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August 04, 2003 - Image 9

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Michigan Daily Summer Weekly, 2003-08-04

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www.michigandaily.com R T S

MONDAY
AUGUST 4, 2003

MAKING A SCENE
TORONTO'S BROKEN SOCIAL SCENE VISIT ANN ARBOR

Courtesy of Universal Studios
Just because he's married doesn't mean he can't still fuck pies.
Wedding' a fitting end to series

By Zach Mabee
Daily Arts Writer
'MOVIE REVI EW * *
You're about as likely to find Sti-
fler (Seann William Scott) compet-
ing in a dance contest at a gay bar as
you are to locate any substantial
theme or moral amidst the raucous,
salacious humor of the "American
Pie" series. Well - surprise, sur-
prise - you'll find both in the
saga's finale, "American Wedding."
Perhaps to say that "American
Wedding" contains veritable moral
truths is an overstatement; nonethe-
less, it approaches the topic of love
in a generally
more tasteful
manner than its American
predecessors. Wedding
Now this may AtMadstone,
simply be a nec- Showcase and
essary phenome- Quality 16
non as all the Universal
characters are
several years older, more mature and
with college under their belts -
excluding Stifler - but the cast
comes across as more endearing in
this film than in the first two.
Jim (Jason Biggs) and Michelle
(Alyson Hannigan) - the self-pro-
claimed pervert and nymphomaniac,
respectively, and groom and bride to-
be - are much more palatable as an
engaged couple than they were in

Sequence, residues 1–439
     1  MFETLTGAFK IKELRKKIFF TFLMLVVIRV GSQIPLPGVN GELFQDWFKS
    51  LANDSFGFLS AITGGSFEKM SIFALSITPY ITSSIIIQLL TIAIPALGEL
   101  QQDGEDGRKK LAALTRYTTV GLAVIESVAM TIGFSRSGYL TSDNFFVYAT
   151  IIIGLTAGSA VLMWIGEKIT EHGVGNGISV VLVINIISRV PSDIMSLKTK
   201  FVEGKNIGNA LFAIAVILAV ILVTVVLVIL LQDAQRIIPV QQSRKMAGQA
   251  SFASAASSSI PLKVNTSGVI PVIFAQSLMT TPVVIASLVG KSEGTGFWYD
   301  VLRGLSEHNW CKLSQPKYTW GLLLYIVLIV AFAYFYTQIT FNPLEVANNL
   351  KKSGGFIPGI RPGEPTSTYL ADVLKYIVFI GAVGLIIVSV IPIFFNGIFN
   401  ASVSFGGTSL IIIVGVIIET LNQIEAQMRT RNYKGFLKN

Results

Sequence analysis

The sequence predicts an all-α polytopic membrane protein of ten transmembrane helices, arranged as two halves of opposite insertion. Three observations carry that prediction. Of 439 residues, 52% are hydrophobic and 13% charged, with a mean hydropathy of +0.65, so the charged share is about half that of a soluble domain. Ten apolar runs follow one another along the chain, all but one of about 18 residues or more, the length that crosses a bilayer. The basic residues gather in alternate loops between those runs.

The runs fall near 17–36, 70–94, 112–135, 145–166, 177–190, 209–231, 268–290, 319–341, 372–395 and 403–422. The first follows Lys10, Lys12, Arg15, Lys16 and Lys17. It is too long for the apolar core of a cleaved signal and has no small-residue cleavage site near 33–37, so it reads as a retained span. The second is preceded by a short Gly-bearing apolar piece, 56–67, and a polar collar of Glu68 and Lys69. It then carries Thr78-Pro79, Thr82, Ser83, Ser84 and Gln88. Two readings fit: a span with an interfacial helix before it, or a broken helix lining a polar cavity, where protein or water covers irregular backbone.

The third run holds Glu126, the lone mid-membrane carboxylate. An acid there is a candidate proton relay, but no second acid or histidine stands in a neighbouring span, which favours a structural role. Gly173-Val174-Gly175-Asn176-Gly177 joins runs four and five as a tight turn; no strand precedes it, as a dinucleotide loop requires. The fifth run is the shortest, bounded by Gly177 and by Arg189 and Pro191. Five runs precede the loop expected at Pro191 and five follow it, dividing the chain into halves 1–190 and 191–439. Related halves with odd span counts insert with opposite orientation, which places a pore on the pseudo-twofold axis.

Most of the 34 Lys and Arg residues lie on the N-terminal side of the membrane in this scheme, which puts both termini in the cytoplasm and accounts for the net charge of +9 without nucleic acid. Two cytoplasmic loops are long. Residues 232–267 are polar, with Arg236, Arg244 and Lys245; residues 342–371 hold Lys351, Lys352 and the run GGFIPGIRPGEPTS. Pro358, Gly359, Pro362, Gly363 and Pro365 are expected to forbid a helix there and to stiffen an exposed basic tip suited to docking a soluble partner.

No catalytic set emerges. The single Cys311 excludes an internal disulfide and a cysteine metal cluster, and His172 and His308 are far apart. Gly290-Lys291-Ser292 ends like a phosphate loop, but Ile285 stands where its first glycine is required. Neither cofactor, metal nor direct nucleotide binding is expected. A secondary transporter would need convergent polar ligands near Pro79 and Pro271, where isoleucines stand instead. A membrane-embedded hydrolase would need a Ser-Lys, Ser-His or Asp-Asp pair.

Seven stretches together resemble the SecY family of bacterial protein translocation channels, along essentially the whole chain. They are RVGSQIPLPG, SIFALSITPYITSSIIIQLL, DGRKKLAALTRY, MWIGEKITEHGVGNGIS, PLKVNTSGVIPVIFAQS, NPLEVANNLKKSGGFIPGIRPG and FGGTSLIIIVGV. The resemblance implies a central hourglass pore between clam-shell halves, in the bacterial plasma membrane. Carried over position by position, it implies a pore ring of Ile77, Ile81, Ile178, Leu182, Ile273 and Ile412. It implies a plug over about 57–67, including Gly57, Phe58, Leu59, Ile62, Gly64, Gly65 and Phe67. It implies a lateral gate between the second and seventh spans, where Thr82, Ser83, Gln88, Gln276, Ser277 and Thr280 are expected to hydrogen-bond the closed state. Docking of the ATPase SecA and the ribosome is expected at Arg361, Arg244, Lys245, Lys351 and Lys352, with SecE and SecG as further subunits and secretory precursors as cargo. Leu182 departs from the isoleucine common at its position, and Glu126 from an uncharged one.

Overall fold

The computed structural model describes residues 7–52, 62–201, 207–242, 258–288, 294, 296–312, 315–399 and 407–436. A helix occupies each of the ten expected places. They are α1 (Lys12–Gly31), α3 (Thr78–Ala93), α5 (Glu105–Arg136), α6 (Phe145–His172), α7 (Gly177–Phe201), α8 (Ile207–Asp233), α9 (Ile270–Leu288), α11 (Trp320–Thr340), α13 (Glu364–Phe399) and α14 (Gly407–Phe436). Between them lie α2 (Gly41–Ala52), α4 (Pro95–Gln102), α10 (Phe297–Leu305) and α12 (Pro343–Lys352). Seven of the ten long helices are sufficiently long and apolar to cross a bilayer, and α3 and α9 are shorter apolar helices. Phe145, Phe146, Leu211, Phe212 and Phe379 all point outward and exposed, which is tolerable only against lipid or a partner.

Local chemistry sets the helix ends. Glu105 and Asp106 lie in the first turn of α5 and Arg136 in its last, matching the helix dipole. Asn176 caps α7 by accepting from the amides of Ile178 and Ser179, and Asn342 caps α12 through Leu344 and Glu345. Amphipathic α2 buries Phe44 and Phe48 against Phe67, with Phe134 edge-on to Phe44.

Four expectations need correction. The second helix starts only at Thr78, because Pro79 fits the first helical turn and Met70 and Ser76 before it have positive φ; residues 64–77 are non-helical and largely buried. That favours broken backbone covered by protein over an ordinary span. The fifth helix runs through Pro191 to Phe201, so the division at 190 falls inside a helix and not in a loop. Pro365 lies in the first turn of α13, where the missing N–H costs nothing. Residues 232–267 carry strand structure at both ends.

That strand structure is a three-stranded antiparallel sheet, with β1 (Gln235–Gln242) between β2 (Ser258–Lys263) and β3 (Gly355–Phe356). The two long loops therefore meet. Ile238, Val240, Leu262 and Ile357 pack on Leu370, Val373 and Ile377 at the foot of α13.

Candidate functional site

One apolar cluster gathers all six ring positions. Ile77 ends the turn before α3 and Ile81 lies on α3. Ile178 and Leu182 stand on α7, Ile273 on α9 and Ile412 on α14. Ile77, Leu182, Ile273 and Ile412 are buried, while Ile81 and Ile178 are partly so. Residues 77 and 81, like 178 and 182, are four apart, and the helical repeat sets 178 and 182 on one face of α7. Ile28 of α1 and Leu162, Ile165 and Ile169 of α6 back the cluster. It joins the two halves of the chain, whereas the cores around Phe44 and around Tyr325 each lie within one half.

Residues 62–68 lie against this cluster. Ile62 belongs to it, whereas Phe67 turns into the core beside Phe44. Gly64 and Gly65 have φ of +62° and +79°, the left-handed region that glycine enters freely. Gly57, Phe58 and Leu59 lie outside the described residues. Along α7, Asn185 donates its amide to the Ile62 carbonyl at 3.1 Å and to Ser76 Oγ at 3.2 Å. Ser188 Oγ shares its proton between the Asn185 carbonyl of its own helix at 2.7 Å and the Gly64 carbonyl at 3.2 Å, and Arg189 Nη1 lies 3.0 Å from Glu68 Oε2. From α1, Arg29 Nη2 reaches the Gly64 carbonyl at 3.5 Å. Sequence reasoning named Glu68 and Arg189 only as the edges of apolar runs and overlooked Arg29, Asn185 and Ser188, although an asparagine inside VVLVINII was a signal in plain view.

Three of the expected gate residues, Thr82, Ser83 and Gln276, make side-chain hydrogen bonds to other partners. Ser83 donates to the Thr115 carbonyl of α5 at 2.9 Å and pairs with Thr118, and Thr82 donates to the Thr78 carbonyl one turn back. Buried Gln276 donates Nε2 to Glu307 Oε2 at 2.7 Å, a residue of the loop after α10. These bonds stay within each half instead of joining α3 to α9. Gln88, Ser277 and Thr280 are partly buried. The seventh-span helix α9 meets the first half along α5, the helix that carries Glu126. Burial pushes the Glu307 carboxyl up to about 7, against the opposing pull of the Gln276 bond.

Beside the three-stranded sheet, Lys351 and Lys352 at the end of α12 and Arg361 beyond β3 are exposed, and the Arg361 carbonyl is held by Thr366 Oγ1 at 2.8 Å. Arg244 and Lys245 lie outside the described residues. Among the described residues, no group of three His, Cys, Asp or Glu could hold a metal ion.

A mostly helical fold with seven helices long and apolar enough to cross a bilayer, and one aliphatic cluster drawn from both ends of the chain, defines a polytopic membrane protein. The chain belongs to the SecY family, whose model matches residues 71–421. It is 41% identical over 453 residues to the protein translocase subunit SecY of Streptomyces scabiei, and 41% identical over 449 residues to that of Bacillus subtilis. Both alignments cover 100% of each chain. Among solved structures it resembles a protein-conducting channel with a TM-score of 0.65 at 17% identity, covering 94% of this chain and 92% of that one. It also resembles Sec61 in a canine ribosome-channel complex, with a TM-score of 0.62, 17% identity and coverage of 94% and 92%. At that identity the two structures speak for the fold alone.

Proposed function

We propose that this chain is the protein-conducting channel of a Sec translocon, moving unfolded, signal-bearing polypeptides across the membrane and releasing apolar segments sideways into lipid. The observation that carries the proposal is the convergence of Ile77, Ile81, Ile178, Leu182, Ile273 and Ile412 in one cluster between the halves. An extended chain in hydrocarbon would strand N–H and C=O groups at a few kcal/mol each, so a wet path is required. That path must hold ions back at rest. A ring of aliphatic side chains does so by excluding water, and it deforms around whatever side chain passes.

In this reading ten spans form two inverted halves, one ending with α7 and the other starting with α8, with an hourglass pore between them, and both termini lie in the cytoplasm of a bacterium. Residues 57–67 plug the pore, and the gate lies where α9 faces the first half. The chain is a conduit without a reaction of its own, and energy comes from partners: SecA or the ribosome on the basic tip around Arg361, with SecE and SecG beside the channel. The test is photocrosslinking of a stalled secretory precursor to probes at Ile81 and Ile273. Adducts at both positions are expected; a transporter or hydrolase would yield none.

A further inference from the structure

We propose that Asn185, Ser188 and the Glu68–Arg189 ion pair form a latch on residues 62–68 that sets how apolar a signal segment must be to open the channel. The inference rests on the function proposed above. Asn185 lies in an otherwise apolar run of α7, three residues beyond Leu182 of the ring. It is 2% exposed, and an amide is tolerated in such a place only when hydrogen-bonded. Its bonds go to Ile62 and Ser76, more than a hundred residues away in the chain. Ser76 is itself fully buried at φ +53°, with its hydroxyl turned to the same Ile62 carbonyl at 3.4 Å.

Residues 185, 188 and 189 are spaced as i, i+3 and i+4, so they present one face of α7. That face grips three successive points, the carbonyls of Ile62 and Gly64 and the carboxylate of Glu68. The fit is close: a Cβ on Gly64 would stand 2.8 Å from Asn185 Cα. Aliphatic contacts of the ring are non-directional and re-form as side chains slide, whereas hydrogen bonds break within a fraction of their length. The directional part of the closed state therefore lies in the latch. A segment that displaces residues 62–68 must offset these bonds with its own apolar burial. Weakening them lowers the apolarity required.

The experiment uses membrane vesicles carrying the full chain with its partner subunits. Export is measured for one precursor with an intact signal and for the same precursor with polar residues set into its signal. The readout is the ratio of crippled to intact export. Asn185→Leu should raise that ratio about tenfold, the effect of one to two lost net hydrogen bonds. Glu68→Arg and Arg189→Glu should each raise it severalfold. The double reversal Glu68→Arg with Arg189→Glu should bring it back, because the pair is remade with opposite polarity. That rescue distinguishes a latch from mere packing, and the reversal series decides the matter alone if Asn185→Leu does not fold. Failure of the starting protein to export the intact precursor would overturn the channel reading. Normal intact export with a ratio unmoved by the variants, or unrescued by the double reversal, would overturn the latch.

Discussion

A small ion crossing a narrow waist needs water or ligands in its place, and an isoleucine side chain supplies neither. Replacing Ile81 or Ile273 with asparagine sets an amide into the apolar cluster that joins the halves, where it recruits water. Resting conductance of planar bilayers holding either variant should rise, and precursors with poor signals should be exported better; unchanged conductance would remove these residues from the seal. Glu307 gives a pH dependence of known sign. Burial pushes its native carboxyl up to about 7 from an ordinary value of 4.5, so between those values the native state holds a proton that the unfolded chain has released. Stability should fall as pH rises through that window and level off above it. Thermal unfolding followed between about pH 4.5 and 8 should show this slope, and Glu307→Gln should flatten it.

their high school days of masturba-
tion-crazed angst and band-geekiness.
Also, the relationship between them
and their parents pulls viewers more
closely to the family than in the past.
This adds levity to the humor that
seems to be perpetually damned to
the gutter. Eugene Levy's character
(Jim's dad) pours forth more saga-
cious fatherly advice than in the pre-
vious two films, and Fred Willard's
wit is usefully employed through
Michelle's father in scenes like the
wedding dinner whereupon he mis-
pronounces a Hebrew blessing for

their family.
In addition to those individual
performances, many scenes evoke
laughter without relying on the base
physical humor that typifies the
series. Seeing Jim and Stifler dance
and Stifler respecting propriety to
win over Cadence's (Michelle's
younger sister) heart provide just as
much - if not more - humor than
the traditional gags.
In light of the more maturely writ-
ten and acted parts with which it's
juxtaposed, much of the lowbrow
humor seems foolish and forced. The
pubic hair dusting of the kitchen,
amongst other scenes, could have
been easily omitted without risking
any serious damage to the movie.
This is not to ward off fans of the
"American Pie" tradition, though.
For if hearing Stifler's aural
onslaught or watching people drink
sperm-laced beer or eat turds mas-
querading as chocolate tortes tickles
your fancy, then you'll certainly get
your money's worth. However, if you
really do yearn for something more
and see potential for it in this con-
cluding effort, you may just leave
wondering what could have been.
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SATU RDAY
310 MAYNAO-115111f21& OVERWMTH POPER 10

By Andrew Gaerig
Daily Arts Writer
Having garnered plenty of press -
and a Juno Award - for their sublime
sophomore effort, You Forgot It in
People, ten-person Toronto collective
Broken Social Scene are taking their
crowded, manic live act on the road.
Not all the kinks have been worked
out, however. Battles at the border,
fatigue and other complications have
made for an interesting summer.
"Half the time we're just happy to
be together. Another quarter of the
time we're just getting through it, and
the other quarter we're battling chords